“OMG” is about the best way to sum up my first thoughts as I started reflecting on the breaking news from the HIMSS ICD-10 Leadership Forum in Fort Washington, Md. this week.
Definitely the biggest takeaway was the announcement from the Centers for Medicare & Medicaid Services (CMS) that it will not perform ICD-10 end-to-end testing with providers. Yes, you read that correctly, and those of us close to ICD-10, who understand the ramifications of this, now wonder: what kind of message is this sending to providers?
With a background in revenue cycle, I literally gasped at this announcement, being as the healthcare industry always takes its leads from CMS. “Here we go again” was all I could say. So my best advice to providers is this: change your mindset! End-to-end testing will be extremely important to you and your organization as you approach the ICD-10 implementation deadline of Oct. 1, 2014. It will be imperative to understand your revenue cycle and ensure that clean claims go out the door right the first time. A key goal for every organization should be to ensure that you obtain the reimbursement to which you are entitled, and one way to achieve that goal is to perform end-to-end testing of your claims data. Please know that you have control over your destiny and ICD-10 implementation success!
We attendees of the forum first heard this from Mark Lott, CEO of Lott QA Group, who represented HIMSS and WEDI in his presentation, but it was the affirmation from Denise Buenning, deputy director of the CMS Office of E-Health Standards and Services, on day two of the forum that made most of us want to ask “why?” At first I held back, but someone had to ask! I asked Denise about the ramifications of this decision from CMS, noting that she is just the messenger and did not make the decision. She responded that “providers need to do testing regardless; just because CMS is not going to do end-to-end testing with them (doesn’t mean they shouldn’t do it).”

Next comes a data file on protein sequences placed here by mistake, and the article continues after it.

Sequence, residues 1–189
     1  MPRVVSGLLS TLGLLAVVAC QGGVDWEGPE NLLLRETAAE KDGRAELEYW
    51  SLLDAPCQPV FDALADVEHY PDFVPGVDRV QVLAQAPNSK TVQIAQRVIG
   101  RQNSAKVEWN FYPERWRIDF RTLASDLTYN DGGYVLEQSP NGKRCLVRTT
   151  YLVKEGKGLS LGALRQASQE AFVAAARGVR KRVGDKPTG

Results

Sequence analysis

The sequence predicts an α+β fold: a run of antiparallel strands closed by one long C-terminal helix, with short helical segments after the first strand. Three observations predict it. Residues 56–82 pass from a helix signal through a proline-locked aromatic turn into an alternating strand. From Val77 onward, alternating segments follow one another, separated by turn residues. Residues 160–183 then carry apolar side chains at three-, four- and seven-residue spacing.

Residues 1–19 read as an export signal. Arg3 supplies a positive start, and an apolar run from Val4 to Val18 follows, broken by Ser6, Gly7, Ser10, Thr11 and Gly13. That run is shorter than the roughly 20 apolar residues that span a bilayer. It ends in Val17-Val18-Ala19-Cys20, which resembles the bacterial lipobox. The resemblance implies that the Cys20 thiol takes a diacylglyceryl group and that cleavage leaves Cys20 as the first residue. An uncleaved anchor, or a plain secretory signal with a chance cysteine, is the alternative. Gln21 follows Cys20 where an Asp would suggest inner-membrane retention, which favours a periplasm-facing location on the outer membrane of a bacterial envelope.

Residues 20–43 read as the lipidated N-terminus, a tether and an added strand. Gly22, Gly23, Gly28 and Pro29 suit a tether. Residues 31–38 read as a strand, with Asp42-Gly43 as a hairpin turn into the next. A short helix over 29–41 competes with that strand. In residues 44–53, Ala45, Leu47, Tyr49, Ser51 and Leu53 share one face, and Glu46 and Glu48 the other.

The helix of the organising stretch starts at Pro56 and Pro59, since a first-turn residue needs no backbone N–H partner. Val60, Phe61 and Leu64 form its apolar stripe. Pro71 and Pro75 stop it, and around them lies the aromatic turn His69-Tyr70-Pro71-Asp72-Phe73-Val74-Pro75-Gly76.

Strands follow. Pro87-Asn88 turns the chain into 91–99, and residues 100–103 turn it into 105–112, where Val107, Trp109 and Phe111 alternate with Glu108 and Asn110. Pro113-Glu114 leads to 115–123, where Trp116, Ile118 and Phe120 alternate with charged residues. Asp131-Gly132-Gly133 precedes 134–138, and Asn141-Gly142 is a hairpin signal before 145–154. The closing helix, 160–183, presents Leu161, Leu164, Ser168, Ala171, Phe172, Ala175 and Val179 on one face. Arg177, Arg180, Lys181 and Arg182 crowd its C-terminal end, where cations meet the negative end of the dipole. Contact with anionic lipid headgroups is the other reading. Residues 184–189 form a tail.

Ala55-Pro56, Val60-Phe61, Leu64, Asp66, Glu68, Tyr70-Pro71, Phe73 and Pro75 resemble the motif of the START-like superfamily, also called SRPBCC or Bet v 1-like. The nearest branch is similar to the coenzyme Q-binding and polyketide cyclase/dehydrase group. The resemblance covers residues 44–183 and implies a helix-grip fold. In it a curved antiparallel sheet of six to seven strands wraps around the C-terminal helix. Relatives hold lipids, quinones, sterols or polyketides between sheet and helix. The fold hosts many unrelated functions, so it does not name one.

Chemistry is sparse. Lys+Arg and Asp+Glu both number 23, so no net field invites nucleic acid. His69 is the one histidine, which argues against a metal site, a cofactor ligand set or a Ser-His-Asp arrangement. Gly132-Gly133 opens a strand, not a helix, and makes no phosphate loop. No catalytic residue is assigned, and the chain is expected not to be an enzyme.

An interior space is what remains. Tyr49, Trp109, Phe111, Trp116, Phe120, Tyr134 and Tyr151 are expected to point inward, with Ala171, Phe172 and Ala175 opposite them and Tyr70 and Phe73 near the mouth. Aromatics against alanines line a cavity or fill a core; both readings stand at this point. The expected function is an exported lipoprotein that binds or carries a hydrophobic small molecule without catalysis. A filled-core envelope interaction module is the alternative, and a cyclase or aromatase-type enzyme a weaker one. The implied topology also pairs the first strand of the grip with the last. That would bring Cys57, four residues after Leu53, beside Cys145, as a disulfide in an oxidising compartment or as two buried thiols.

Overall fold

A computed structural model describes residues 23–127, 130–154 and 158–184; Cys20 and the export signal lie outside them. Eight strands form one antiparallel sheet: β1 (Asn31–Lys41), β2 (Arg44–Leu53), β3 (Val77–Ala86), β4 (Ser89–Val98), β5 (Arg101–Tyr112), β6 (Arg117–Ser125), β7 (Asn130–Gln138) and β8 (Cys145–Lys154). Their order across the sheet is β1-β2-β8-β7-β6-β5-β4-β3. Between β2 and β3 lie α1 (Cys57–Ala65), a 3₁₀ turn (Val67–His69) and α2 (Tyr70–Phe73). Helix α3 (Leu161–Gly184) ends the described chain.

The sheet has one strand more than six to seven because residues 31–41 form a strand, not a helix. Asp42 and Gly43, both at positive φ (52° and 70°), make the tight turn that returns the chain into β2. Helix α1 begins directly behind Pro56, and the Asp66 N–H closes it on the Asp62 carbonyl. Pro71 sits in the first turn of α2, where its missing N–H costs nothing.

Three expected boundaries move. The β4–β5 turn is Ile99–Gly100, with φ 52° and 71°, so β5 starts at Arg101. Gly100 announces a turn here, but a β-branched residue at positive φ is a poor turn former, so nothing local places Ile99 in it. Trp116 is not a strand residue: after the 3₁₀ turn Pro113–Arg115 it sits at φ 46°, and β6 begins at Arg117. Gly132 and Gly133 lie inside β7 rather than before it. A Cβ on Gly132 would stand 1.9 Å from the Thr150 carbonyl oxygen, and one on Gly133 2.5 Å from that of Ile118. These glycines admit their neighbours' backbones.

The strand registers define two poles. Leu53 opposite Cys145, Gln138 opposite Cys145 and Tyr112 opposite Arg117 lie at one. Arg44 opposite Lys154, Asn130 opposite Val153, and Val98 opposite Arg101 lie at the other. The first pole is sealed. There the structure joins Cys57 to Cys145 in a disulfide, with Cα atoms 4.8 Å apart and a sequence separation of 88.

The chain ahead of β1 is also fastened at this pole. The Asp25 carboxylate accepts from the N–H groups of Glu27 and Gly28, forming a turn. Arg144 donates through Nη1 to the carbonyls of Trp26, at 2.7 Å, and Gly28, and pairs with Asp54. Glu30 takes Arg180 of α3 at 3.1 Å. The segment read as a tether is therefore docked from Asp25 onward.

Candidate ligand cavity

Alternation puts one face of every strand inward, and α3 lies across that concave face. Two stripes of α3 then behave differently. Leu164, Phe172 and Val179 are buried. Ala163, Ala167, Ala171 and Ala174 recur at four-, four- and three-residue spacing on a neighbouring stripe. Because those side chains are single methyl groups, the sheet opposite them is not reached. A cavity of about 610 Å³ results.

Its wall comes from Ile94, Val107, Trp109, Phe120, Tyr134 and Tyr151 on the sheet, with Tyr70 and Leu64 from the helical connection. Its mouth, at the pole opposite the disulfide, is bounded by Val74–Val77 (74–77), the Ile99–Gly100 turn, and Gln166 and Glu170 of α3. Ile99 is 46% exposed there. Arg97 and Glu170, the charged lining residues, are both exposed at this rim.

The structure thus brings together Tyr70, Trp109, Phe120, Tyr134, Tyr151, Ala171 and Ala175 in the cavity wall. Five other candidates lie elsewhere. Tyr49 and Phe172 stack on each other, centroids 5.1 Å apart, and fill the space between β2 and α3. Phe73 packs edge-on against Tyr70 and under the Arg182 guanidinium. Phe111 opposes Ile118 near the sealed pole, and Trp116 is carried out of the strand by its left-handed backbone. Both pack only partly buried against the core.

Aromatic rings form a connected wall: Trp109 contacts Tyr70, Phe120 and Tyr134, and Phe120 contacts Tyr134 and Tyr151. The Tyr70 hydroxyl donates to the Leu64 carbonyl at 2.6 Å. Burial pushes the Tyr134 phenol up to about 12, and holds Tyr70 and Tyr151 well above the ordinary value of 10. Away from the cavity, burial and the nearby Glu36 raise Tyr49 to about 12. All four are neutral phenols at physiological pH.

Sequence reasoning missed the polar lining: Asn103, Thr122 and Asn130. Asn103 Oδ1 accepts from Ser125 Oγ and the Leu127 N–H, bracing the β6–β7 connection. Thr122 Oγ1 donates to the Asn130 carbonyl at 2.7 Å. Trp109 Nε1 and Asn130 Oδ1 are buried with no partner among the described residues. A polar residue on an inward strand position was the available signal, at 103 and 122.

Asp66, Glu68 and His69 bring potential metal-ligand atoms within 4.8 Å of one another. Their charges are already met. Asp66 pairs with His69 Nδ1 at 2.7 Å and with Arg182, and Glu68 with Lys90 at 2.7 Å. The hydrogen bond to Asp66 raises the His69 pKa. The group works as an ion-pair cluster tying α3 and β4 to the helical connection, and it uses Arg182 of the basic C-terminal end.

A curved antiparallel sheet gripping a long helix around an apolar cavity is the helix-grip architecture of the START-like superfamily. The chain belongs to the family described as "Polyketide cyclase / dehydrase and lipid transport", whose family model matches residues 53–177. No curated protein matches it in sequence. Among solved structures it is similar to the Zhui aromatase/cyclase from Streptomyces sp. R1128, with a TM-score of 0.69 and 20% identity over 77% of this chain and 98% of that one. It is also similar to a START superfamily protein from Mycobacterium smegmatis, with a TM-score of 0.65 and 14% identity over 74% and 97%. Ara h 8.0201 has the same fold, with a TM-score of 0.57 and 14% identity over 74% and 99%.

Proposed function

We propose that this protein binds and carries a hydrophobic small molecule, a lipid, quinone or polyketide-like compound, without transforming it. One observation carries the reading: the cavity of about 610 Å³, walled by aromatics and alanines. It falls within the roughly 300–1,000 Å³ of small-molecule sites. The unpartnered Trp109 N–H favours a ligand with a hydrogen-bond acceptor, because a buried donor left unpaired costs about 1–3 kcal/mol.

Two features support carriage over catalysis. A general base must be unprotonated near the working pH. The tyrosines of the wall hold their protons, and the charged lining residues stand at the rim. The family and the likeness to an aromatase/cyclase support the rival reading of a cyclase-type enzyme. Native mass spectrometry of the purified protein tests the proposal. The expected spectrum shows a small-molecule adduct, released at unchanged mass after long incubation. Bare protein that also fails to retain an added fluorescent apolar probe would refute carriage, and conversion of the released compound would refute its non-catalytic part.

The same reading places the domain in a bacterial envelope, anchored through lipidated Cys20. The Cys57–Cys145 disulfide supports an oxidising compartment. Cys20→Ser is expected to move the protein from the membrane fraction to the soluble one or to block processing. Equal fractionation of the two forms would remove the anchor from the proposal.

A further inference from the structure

“Whew,” was my reaction, knowing that the many followers of CMS need to hear this message loud and clear – because many will only hear the first part!
My concern in general is that a large part of the industry should be doing end-to-end testing now, yet in reality maybe 50 percent of the industry has reached this stage. End-to-end testing takes time, at least a solid year as a benchmark, in order to do it right. With a little more than 450 days left until the implementation date, it begs the question, what about the other half of the industry? I have visions of unpaid claims, rejections and denials, to name a few issues, come Oct. 1, 2014.
This announcement obviously generated a serious buzz among the forum attendees as they tried to understand the rationale behind the decision. Is it lack of manpower, or is it because there is a lack of understanding of end-to-end testing? As I thought about Buenning’s presentation, I could not help but try to interpret her closing statement. In it she emphasized that when the implementation date arrives, CMS wants to ensure that the “provider reimbursements continue to flow.”
In retrospect this statement sounds contradictory, since CMS has chosen not to perform end-to-end testing with providers. And as I continue to ponder this, I only can assume or predict that CMS will open the gates for all claims to ensure that “provider reimbursements continue to flow.”
Please note that this is strictly my opinion, however, and that there are payers other than Medicare to worry about as we move forward. Oh, and don’t forget that third-party auditors will be watching.
Stay tuned, because this is just the beginning of many conversations and articles to come regarding the implications of CMS not performing ICD-10 end-to-end testing with providers.
About the Author
Maria T. Bounos, RN, MPM, CPC-H, is the practice lead for coding and reimbursement software solutions for Wolters Kluwer. Maria began her career at Wolters Kluwer as a product manager, responsible for product development, maintenance, enhancements and business development and now solely focuses on business development. She has more than twenty years of experience in healthcare including nursing, coding, healthcare consulting, and software solutions.
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